The name on the Cowboys’ card?  Lynn Swann.  But for a few more seconds, the biggest Cowboys killer of the era would have played for the team.  Instead, the Steelers got both of their targets.

Two years prior, the teams had competed for assistant Bud Carson, who installed the first defensive audible system, that allowed players to change fronts and coverages in response to the offense’s movement.  Dallas had the first interview, and indelicately asked Carson about his recent divorce. Carson wound up in Pittsburgh, giving the Steelers a scheme that could mirror Landry’s offensive pre-snap movement.

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Those small victories helped made Pittsburgh the more adaptive, and trouble free of the two.  The history of  “red right, 86 x-post” one of Landry’s pet plays, offers a telling case study.  It’s a high-lo passing play, of the type every team has in its playbook.  It sends the three primary passing targets into the middle of the field at different depths.  The tight end runs a shallow crossing route right to left at a depth of five yards.  The flanker, or Z receiver, runs a square in from right to left at a depth of twelve yards.  The split end, the X receiver, runs a deep post, cutting to the middle after going eighteen yards upfield.

The play is designed to lure the free safety into attacking the shallower routes, while springing the X behind him.  Dallas ran the play in the first quarter of Super Bowl X, one play after Steelers punter Bobby Walden fumbled a deep snap.  Drew Pearson broke behind the Pittsburgh secondary and scored the games’ first points.

Trailing 12-10 in the 4th quarter, Landry called this play when his Cowboys were deep in their territory.  He hoped to get a big pass out of his red zone but this time the Steelers’ Bobby Wagner stayed back and jumped the route.  Dallas held the Steelers to a field goal after the turnover, but Pittsburgh gained its firs significant lead of the game on the adjustment.

The memory of this play played perhaps a bigger role in the Super Bowl XIII.  With the game tied 14-14 late in the second quarter, the Cowboys were grinding up the field towards a go-ahead score.  A 19-yard Tony Dorsett screen pass put Dallas inside the Steelers’ 40 with a minute left in the half.  Landry went for the big strike on 1st and 10, calling this same play from a red left formation.   This time three Steelers had Drew Pearson surrounded.  Mel Blount picked off Staubach’s forced pass, returning into Dallas territory.  Instead of taking a lead into the locker room, the Cowboys fell behind on Rocky Bleir’s catch in the final seconds of the half.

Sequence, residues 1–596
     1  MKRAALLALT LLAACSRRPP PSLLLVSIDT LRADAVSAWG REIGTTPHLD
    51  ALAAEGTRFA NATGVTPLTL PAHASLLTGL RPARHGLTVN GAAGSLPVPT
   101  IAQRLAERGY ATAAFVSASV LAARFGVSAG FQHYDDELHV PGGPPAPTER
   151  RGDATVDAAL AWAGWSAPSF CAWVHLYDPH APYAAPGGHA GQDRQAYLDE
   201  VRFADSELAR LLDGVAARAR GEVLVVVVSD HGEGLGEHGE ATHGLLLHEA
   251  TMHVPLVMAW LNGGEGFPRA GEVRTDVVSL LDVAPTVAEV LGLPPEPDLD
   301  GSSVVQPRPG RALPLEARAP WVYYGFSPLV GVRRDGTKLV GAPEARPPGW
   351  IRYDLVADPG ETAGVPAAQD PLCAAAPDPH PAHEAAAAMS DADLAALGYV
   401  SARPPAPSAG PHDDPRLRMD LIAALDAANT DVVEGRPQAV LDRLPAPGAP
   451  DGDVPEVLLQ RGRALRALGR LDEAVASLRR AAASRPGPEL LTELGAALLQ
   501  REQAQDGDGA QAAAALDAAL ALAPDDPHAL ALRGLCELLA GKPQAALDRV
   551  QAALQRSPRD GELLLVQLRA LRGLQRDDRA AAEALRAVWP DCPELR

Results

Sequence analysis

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Both games turned on this play.  The Cowboys never forgot their initial success, even after Pittsburgh showed it could stop it.  The Steelers, beaten once, never allowed the same trick to beat them again.

This was the ultimate difference in the clubs.  Noll’s teams, while supremely talented, were fundamentally superb.  They did not beat themselves.  They were 50-2 in the title years in games when they were favorites.  The Cowboys, by contrast, were a football version of a Jaguar.  They were splendid when the engine was on song, but Landry’s teams had too many parts, and frequently broke down.

Noll understood the football maxim followed by Lombardi. Games can be lost as often as they are won. Cowboys fans would have to wait for the Johnson years to fully appreciate this truth. For older Cowboys fans, Noll was a reminder that the most beautiful, intricate football was not always the best.

Farewell, Mr. Noll.  You were the greatest foe.

Rafael Vela is the Senior Analyst at

Rafael Vela

Rafael Vela

Senior Analyst SportsTalkLine at Sports Talk Line
Started covering Dallas Cowboys @ in '95 and '96. Two more stops along the way and here I am. Senior Analyst for
Rafael Vela